8. Perp

    Perp Well-Known Member

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    I'm like wylie; I loathe it when buyers do this for things that were readily apparent, or are typical for the age and style of building. It infuriates me, not because of the $, but because I think it's highly unethical. B&P should be for other things, such as mega-$ structural damage.

    If I could legally get my lawyer to argue that by counter-offering that they'd repudiated the contract (thoughts, @Terry_w ?), I'd terminate and take their deposit and put it back on the market.
     
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  9. Jamie Moore

    Jamie Moore MORTGAGE BROKER - AUSTRALIA WIDE Business Member

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    Is there a risk the vendor could move onto another offer?
     
  10. Azazel

    Azazel Well-Known Member

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    It depends. If you've budgeted for kitchen, bathroom, painting etc... due to the age of the property, but the B&P finds cut joists under the house or a leak in an addition or evidence of termite activity or concrete cancer in a support or a rotten beam in stairs/balcony or balcony not legal height or no wet seal in the bathroom. None of these are mega $, but it all adds up. Some jobs can be bigger once you start digging around too.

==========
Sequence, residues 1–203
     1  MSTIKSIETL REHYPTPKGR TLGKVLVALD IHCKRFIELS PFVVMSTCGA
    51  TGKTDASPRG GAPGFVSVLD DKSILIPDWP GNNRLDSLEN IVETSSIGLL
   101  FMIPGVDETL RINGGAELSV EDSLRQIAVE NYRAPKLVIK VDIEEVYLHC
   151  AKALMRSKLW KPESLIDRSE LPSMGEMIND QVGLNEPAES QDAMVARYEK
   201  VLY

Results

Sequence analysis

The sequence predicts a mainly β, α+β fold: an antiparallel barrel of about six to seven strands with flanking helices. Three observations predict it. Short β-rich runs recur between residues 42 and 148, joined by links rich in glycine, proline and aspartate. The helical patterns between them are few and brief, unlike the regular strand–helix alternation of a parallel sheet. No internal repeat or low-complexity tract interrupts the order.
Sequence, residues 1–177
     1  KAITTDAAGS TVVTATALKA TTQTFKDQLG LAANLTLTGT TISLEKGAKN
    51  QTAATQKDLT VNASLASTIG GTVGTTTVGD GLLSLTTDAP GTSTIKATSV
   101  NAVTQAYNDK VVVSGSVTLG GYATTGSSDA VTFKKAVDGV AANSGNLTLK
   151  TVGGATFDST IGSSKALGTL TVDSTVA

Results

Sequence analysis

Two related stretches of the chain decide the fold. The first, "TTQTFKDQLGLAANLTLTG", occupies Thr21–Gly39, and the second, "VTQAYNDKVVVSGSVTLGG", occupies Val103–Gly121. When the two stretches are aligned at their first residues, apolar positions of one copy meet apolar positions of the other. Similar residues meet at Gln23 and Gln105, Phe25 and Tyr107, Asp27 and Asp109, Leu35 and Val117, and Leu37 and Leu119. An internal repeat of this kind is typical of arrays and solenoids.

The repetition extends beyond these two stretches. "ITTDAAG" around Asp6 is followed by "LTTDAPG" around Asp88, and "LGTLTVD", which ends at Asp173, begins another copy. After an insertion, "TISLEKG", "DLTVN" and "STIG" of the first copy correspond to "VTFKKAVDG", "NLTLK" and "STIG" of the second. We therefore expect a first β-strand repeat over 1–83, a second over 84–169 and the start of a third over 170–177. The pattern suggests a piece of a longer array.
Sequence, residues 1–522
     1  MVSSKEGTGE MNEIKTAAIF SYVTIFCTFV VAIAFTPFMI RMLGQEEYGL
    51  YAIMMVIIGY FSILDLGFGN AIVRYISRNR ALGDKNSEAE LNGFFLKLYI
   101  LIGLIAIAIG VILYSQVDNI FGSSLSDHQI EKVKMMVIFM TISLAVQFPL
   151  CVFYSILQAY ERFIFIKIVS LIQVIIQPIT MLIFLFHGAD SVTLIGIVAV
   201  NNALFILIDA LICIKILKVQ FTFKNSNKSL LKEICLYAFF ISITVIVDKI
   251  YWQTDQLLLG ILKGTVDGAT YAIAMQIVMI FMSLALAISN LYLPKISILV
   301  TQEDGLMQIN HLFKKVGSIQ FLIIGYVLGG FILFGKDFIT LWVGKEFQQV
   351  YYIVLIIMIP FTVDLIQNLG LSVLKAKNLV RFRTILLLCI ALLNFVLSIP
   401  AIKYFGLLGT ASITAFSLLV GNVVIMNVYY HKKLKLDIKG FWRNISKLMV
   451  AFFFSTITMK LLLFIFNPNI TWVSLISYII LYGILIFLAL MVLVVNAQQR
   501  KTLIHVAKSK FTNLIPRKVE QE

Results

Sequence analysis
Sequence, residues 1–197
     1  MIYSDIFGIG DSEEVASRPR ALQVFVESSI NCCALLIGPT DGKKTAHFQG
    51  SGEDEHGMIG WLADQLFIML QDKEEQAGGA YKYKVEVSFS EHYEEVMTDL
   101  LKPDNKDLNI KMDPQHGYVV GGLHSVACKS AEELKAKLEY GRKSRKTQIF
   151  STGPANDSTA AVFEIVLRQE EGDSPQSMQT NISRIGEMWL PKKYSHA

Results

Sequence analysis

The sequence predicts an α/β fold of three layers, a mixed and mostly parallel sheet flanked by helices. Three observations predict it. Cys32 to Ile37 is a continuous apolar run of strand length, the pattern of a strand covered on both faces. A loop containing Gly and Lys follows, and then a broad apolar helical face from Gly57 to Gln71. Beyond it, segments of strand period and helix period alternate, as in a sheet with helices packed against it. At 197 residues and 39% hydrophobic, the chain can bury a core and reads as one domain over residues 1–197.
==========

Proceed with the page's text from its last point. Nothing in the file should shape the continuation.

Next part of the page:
11. Big Daddy

    Big Daddy Well-Known Member

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    When i was selling i was screwed on the purchase price but had to sell as house was constantly getting vandalised whilst vacant. eg A rock through just one french window as $700. Then i was screwed down again by the B&P report. This seller is ahead more than 40k so i dont see this as unfair

    The agent wont repair anything except a broken lock. The response from the rotten and decayed wood rafters was "There is nothing here noted as a major structural defect. See annexure BSR". Is he correct ?

    Just the other day a colleague at work negioated a discount due to hairline cracks in the wall plaster in a 60;s house in midland. The one i am buying has a sagging ceiling and plenty of wall plaster cracks. I was just hoping to be compensated for the rotting rafters.
     
  12. Big Daddy

    Big Daddy Well-Known Member

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    Doubt they would move on to another offer. They are in a hurry to retire plus i think i overpaid by bidding against a ghost.
     
  13. jaybean

    jaybean Well-Known Member

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    I always worry if you offer for them to fix it instead of a discount they will find the cheapest quote to get it over the line. I'd rather a discount so I can choose my own tradie. That being said, one of the last properties I purchased I negotiated for the owner to have a few things fixed and it was done reasonably well.
     
  14. Perp

    Perp Well-Known Member

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    What people seem to be missing is that the vendor's under no obligation to do either.